[…continued from last post]
The Blow Monkeys are perhaps not the band that many would associate with me or my stated tastes. Post-Punk? Really, I’d only call their debut album as one that would fit that description. And even then, their “Punk Jazz” sound, redolent of the Laughing Clowns, was an outlier to few other bands. Maybe Carmel could also lay claim to that description on their debut as well. Were The Blow Monkeys part of the NWOBJP [New Wave of British Jazz Pop]? Maaaybe.
The band were definitely more Pop than Jazz. But the willingness of the band and its songwriter, Dr. Robert, to mutate wildly and shift their branding at drop of a hat, probably contributed to their decision to pack it up after chasing Pop’s fortune in the mid-late 80s. To go from string-heavy Soul music [albeit with a drum machine heart] as with their first hit, to New Jack Swing, and ultimately Garage House in the space of two years was clearly the maximum paradigm shift that the market could follow. By the time of album five, with a World/Ambient/Balearic synthesis happening almost two years in advance of that market, it was probably the right time for the band to take a rest. They were too far ahead of the game.
I’m just happy that following 18 years [that have passed in the blink of an eye] that Dr. Robert once more heard the calling of how this band could transform the material he was writing when he was ready to regroup. They wisely did it on the condition of making new music consistently, with even more modern albums than from their initial period. And when they played the occasional festival, they had more then memories to trade on. Like OMD, they didn’t want to be relegated strictly to nostalgia. The decision was made that creating new music was the drive to it all. And six albums in fourteen years is productivity far in advance of their peers.
Another factor of the band I appreciate is their disinterest in repeating themselves. They keep the songwriting and playing evolving with an eclectic take on how their albums achieve their respective vibes. Only their first album was of a similar stylistic piece. Cracks in any rigidity were apparent by the time of “Animal Magic.” And by the time of their fourth album, it was obvious that the restless imagination of Dr. Robert was unsuited to milking a sound to death.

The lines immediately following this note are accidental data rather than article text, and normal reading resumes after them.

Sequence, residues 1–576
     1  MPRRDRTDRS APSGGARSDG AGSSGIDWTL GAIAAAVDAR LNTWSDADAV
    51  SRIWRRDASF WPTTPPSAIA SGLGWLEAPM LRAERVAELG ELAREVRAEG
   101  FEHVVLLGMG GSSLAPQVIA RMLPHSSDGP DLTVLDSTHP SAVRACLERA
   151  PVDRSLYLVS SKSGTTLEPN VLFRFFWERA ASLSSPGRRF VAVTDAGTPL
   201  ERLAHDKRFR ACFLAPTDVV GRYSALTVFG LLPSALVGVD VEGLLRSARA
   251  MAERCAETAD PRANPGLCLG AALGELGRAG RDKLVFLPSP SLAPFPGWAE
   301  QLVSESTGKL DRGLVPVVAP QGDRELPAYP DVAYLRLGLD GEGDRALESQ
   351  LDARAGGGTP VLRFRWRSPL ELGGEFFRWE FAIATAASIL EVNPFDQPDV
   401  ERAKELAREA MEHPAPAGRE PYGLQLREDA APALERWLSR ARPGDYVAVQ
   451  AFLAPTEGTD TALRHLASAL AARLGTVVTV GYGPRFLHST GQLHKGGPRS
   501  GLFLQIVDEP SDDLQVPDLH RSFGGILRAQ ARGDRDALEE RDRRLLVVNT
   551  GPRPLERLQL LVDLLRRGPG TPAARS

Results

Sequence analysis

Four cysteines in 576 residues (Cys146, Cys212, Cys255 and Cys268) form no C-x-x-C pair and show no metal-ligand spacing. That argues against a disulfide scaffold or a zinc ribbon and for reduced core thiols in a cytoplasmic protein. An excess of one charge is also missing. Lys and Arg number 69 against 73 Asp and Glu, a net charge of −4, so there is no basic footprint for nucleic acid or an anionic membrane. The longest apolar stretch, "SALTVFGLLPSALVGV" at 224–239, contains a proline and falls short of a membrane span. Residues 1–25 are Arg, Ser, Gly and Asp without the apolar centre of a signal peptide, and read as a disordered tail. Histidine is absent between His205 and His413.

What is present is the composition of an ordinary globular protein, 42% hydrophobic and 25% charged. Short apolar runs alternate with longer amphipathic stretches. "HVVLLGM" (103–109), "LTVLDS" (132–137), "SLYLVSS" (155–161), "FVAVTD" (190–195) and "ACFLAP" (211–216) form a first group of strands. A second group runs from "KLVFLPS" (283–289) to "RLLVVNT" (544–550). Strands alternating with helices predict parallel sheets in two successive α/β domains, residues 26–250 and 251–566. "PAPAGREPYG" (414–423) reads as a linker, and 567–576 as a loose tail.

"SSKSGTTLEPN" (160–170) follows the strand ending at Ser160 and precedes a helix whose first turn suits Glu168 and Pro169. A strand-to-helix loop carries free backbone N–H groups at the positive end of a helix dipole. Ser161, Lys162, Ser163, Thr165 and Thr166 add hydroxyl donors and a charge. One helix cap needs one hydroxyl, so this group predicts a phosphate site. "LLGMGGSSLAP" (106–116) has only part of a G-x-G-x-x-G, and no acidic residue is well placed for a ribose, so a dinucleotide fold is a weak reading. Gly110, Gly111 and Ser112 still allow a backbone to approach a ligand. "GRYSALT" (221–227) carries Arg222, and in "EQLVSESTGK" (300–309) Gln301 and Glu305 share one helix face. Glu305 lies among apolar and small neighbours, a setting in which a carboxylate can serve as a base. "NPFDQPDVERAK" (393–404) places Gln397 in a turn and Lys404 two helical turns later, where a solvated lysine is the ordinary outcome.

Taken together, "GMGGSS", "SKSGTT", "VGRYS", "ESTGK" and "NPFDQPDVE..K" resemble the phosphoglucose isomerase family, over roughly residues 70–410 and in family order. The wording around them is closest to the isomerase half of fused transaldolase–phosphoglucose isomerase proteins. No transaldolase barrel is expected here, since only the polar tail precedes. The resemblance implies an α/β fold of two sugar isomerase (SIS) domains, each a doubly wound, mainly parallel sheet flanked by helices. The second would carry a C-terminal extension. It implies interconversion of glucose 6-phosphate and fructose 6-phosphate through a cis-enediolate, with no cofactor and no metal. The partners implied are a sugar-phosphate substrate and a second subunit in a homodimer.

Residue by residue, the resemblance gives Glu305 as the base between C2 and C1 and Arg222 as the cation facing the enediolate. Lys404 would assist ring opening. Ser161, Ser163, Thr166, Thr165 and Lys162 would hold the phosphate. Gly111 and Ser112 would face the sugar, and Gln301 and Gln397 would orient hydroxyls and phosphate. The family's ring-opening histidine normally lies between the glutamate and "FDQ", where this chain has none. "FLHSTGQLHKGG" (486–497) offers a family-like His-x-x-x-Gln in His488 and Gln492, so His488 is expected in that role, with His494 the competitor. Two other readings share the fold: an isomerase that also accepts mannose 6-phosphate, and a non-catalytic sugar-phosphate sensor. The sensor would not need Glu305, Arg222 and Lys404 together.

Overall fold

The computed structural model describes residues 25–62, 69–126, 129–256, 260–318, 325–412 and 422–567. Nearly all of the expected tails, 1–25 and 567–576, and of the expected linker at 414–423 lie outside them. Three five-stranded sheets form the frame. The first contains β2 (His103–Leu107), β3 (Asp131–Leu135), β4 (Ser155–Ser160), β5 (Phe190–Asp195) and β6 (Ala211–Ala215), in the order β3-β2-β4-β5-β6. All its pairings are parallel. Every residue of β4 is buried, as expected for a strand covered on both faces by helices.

True, there was a commonality of influence across their canon. Soul, Pop, Funk, and Jazz would be ceaselessly mixed and recombined in different ways from album to album. Even across a single album itself! And Dr. Robert’s solo career found him by its nature exploring the [dreaded] singer-songwriter canon to see what he could learn from it. By the time that happened, I had no expectations with regard to his music and approached it all with an open mind to see what its relative merits would be.
By my reckoning, such merits were copious. As the final Rock G.P.A. graph below shows.
THE BLOW MONKEYS: Rock G.P.A.
A 3.7916 ranking is substantially higher than I’ve ever given here. This was the rare group that even when I listen to their worst album†; hamstrung as it was by the most diabolical high-80s production possible, I can still marvel at the caliber of the songs themselves and the stylistic syntheses being called forth to form the material with. Such that the tiresome production recedes into the distance and by the end of the album I am shaking my head in wonder.
† – “She Was Only A Grocer’s Daughter”
When your worst album is ranked 3/4 you must be doing something right! It’s hard to pick favorites here, but their current album was just an embarrassment of riches. If anything, this album was so good, it should have depressed the rest of the rankings by a half point! But that seemed so unfair. I still can’t imagine how Dr. Robert managed to produce an album that sounded that richly ornate …during a pandemic, and with a budget that probably wouldn’t pay for tea breaks on an Ed Sheeran album! When I hear an album this excellent [it happens 2-3 times a decade] I often marvel at how it might have been a world-straddling success in an earlier time; with hit singles peeled off by the handful making us all bored with The Blow Monkeys.
But how could we be bored with such excellence and diversity? On their own terms, that is more or less what they have done in the last year, whether anyone had been paying attention or not. “Journey To You” had had six of its ten songs issued as singles in the last year. Something that only Visage managed to accomplish with their equally successful album, “Hearts + Knives,” back in 2013-4. These songs didn’t trouble the charts, but they were every inch the stuff of singles and worth of all of the effort. An album as great as “Journey To You” reeked of success even as money has little to do with it.
At this stage of the game, I have every confidence that The Blow Monkeys will keep on pulling rabbits out of their hat. They have conditioned me to expect more than just competence when they convene for an album. And it’s to their benefit that Dr. Robert’s attitude has been stated as so long as the material keeps flowing and changing, they are in it for the long haul. They are not the highest exemplars of Post-Punk in my Record Cell, but at the end of the day, they just might be one of the best bands in there.